This month, I’ve been reading all kinds of predictions about what will be the Next Big Thing in 2017, from individual ingredients to overarching shifts in the way we purchase and consume food. Given the variation in food culture between countries, one would expect trends to vary just as widely; and while certain dishes and cooking styles are more popular in some countries than others, I was surprised to discover that many of the same tendencies do appear in French and Spanish publications as well as British and American ones. I think it’s safe to attribute this to the influence of the Internet, perhaps especially English-language content, on what is trending in other nations. Today’s post will take an overall view of the predicted food trends for 2017 that are cropping up everywhere.
- Conscious consumerism
While every nation has their own concerns and preoccupations, we can’t deny that many of the geopolitical issues currently facing us are global in nature: the increasing population, climate change, and the depletion of natural resources affect us all. So it’s not surprising that consumers are responding to these global issues in a similar fashion, regardless of where they are: using their purchasing power to reject practices they don’t agree with, and support those they do. Whether it’s by choosing a vegetarian, vegan or ‘flexitarian’ diet, by opting for sustainable or organic choices, or by buying local to reduce carbon footprints and support local communities, people across the world seem to be becoming more conscientious as far as their food choices are concerned, and calling for more transparency in the supply chain so that they can make more informed and responsible choices.
- Health and wellbeing
Being responsible doesn’t stop at our impact on the planet. 2017 is also set to see people paying more attention to their own health and well-being, with a whole-lifestyle approach rather than dieting. Veganism and vegetarianism are relevant here too, as they’re often perceived as a healthier alternative to meat-based diets; meanwhile, the popularity of organic foods continues to grow, the home-made trend expands into pickling and fermenting home-grown produce, and alcohol consumption is tending towards a ‘less but better’ model. Many millennials are cutting out alcohol completely from their diets, while others are drinking less frequently, or less in each sitting, but opting for higher quality or more expensive tipples such as craft cocktails, aged or small-batch spirits, or top-shelf wines; and the market is responding with the opening of more and more craft distilleries, a variety of sophisticated non-alcoholic beverages, and tasting menus offering non-alcoholic pairings.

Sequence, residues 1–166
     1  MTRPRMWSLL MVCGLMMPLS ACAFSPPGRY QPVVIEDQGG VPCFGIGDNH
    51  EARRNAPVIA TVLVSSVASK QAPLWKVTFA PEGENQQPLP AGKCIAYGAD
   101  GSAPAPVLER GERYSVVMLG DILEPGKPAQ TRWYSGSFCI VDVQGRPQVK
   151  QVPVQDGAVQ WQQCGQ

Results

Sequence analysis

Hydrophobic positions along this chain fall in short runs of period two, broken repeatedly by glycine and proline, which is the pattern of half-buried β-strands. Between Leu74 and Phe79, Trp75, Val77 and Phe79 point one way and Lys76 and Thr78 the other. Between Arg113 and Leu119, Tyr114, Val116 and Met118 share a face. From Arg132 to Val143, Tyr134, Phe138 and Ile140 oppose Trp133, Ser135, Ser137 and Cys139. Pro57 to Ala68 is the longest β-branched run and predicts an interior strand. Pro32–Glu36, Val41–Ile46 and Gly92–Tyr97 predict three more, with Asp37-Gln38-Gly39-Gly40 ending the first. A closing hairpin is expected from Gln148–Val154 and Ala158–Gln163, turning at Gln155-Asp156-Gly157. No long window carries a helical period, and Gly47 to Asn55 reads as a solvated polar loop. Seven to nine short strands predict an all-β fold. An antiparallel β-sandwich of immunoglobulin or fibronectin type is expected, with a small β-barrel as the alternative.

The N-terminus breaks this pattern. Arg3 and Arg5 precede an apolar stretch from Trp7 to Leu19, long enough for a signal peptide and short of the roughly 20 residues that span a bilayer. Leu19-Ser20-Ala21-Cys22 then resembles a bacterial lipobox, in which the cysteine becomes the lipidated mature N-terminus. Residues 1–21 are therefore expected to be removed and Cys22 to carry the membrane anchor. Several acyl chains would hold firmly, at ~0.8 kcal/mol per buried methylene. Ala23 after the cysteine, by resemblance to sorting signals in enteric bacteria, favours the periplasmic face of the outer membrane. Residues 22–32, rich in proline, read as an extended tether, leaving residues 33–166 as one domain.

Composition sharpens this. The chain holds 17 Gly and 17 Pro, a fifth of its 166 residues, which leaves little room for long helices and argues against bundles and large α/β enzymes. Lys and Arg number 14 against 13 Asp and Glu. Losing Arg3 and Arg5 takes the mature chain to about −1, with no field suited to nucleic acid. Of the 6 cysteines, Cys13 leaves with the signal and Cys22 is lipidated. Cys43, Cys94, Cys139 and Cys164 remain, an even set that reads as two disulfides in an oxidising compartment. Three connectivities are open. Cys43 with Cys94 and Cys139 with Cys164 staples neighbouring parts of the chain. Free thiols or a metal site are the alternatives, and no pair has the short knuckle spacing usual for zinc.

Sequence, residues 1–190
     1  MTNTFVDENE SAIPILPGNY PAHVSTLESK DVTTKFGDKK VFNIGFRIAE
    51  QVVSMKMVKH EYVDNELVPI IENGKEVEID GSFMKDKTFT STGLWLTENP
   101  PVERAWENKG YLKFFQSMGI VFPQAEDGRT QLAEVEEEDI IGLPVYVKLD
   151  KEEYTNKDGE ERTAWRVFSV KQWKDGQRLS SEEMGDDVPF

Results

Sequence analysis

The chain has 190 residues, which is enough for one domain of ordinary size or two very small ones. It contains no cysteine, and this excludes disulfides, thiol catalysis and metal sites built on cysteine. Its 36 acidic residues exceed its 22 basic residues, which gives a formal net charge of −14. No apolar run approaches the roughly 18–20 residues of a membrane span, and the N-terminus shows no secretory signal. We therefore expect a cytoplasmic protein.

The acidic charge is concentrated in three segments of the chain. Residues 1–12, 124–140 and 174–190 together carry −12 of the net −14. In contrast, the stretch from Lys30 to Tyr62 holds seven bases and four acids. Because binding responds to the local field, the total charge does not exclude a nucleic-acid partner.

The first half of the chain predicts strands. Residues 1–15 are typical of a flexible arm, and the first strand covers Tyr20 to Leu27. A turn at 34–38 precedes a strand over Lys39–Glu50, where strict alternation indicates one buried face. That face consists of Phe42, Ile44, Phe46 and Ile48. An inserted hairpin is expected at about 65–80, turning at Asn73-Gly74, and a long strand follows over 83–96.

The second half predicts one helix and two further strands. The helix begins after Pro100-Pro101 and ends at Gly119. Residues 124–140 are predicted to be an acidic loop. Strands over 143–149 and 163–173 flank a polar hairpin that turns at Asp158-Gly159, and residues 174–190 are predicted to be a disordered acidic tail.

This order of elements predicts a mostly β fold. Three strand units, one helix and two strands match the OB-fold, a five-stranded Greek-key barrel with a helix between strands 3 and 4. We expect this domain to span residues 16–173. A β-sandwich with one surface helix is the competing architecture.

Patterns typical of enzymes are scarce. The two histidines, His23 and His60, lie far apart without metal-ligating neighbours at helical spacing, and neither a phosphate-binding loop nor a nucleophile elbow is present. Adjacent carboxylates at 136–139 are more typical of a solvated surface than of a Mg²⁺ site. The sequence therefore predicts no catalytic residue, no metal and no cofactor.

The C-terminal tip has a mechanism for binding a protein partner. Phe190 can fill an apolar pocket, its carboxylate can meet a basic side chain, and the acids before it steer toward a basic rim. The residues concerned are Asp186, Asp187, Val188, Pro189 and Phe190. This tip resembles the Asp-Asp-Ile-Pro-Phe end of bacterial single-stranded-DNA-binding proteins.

- Changing consumption methods
Dining has always been a social phenomenon, but the word ‘social’ has acquired a new meaning in recent years. More and more people are prioritising convenience: dining out more, ordering in more, or subscribing to meal kits delivered to their door. At the same time, the social aspect of eating is no longer restricted to those we share our meals with: there is no sign that the #instafood trend will slow down in 2017, and restaurants and bars are even beginning to adapt to the younger generation’s obsession with the instaworthiness of their meals: tweaking their lighting and interiors, amping up the garnishes and even releasing new products with ‘viral’ potential.
- New technologies
With the growing interest in convenience comes an onslaught of new technologies ready to oblige. Technology is intervening more and more in all aspects of our lives, and food is no exception. It’s there in our homes, automating our kitchen routines to reduce our hands-on time or allowing us to prepare more elaborate dishes that were once only possible in a commercial kitchen. It’s there in restaurants and supermarkets, making ordering and paying a smoother and interaction-free experience. It’s there in our delivery services, with research underway into self-driving cars and delivery by drone. It’s even there behind the scenes, allowing the people who produce, process and package our food to do so more hygienically or efficiently.
All of these trends are happening internationally: they may express themselves differently depending on the country, local demand and national regulations, but they reveal a fundamental shift in the way that humans are interacting with food. It’s an exciting time for food, and I’m excited to see how these trends evolve throughout the year.